by Diana Nelson Jones/March 25
You may have read in Joe Smydo's story in today's Post-Gazette that City Councilwoman Natalia Rudiak has been waiting for a call back from public safety director Michael Huss to discuss the emergency response to the February snowstorm.
We feel her pain. Some public officials -- and we are not implying that Mr. Huss is one of them -- act as if they work for Howard Hughes instead of tax payers.
The councilwoman, who hails from Carrick, has been handed the task of heading up a task force to analyze the city's response to the snowstorm so it can do better next time. She said that, aside from silence from Mr. Huss, she has talked to many senior officials, from the police bureau, the Bureau of Building Inspection, the comptroller and the county.
Her report is due in May, and its strength depends on constructive and experiential feedback from the public to http://www.pittsburghpa.gov/snowtaskforce/feedback.htm.
"I want to hear specific experiences," she said, "but also creative suggestions. I've looked at some of the submissions. We've had more than 100 so far, and we are even getting some compliments. Some suggestions are detailed, citing the city and emergency code. It's actually exciting" to see how people are responding.
In the photo at right, taken by my colleague Bob Donaldson, residents in Sheraden are digging out cars. They should be commended for their camaraderie and neighborhood goodwill. Many of our neighbors helped dig out cars. But we needed the same volunteer spirit applie to sidewalks.
One of Walkabout's cadre of idea people, Boris Weinstein, provides his feedback in an essay at http://www.citizensagainstlitter.org/news/2010/citizens_against_snowstorms_take_back_our_sidewalks.html .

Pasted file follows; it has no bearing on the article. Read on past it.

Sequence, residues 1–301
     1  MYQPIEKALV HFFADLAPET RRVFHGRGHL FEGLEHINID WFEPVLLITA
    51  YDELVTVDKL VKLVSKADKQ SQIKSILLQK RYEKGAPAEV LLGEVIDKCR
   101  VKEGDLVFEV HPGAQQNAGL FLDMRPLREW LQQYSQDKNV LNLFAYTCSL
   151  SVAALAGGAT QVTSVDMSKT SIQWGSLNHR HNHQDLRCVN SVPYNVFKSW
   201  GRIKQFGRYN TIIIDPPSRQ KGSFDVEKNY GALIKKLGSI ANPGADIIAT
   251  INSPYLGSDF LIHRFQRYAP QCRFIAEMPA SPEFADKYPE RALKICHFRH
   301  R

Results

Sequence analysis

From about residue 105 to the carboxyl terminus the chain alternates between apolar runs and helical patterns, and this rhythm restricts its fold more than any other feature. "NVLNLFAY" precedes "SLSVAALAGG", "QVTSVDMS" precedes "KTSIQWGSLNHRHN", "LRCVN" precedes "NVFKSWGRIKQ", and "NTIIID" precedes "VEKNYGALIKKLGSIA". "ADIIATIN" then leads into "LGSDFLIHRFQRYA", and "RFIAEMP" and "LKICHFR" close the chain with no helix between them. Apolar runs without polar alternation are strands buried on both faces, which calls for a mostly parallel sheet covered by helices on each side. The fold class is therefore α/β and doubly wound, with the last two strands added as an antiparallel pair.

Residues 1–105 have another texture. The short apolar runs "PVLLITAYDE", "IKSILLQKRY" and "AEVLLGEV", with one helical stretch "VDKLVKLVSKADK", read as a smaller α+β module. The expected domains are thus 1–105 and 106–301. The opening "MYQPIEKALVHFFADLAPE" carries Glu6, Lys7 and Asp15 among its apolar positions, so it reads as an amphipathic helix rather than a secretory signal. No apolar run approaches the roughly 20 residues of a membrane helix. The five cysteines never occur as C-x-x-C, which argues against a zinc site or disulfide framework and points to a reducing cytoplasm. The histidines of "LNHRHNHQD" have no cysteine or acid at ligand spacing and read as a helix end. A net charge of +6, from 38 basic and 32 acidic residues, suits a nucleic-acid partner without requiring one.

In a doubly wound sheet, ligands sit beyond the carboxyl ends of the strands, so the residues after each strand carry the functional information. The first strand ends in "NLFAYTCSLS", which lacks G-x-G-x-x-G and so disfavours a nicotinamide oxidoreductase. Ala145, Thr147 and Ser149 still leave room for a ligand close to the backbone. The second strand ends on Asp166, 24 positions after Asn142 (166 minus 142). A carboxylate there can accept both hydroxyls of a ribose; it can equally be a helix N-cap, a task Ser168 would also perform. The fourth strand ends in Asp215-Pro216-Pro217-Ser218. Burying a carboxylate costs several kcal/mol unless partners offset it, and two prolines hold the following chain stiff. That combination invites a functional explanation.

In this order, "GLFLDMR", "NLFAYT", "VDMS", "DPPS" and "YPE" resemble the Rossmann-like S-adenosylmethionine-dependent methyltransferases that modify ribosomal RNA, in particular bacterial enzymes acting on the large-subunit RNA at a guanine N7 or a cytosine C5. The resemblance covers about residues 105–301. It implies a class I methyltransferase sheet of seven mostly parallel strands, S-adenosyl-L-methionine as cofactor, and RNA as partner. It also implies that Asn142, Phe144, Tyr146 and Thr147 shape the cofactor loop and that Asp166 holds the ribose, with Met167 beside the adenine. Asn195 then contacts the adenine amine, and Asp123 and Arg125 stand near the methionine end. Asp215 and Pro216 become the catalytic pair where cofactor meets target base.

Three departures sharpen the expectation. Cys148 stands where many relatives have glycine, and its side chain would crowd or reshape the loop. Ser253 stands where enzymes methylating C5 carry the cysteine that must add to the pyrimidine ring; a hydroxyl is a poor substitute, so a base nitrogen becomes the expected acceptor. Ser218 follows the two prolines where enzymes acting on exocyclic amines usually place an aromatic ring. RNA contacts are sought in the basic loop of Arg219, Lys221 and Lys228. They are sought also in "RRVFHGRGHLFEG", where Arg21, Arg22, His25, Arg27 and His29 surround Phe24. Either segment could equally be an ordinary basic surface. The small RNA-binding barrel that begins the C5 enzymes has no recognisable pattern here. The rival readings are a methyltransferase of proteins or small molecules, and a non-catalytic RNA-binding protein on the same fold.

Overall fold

Boris founded Citizens Against Litter in 2004 and has turned the thing into a regional redd-up monster of volunteerism. We'll let him take us on out:
Many laughed six years ago when Citizens Against Litter came up with the bright idea to turn to citizens in all 90 neighborhoods and give them responsibility to recruit volunteers to pick up everyday litter. We now have Redd-Ups twice a year with 10,000 volunteers --- school kids, college kids, young people, old people. We do this for pennies. I believe it is possible to keep sidewalks cleaner in crisis if such a plan has city government support and cooperation of the media.
I propose something similar to Citizens Against Litter. I propose "Citizens Against Snowstorms: Take Back Our Sidewalks."
* When schools and businesses are closed, thousands of people can join a pool of available resources for crisis duty for sidewalk shoveling.
* Consider legislation to specifically deal with sidewalk cleaning and maintenance during snowstorms.
* Recruit an army of volunteer shovelers in the city who would be paid by property owners to clean their sidewalks. A payment schedule would be recommended.
* Create a network of neighborhood Clean Sidewalk Stewards to recruit, organize and direct volunteers for their neighborhood sidewalk clean ups.
* Tap into these and other crisis situation resources: public schools, colleges, unemployment offices, social networking organizations, service groups.
* Investigate federal and state funded emergency programs to recruit shovelers.
* Redirect parking meter maids during the crisis to visit neighborhood businesses to remind them to clean their sidewalks.
* Appeal to [media to] appeal to the public to clean sidewalks and volunteer as crisis shovelers and to balance dissemination of snowstorm news with information about the need for citizen action.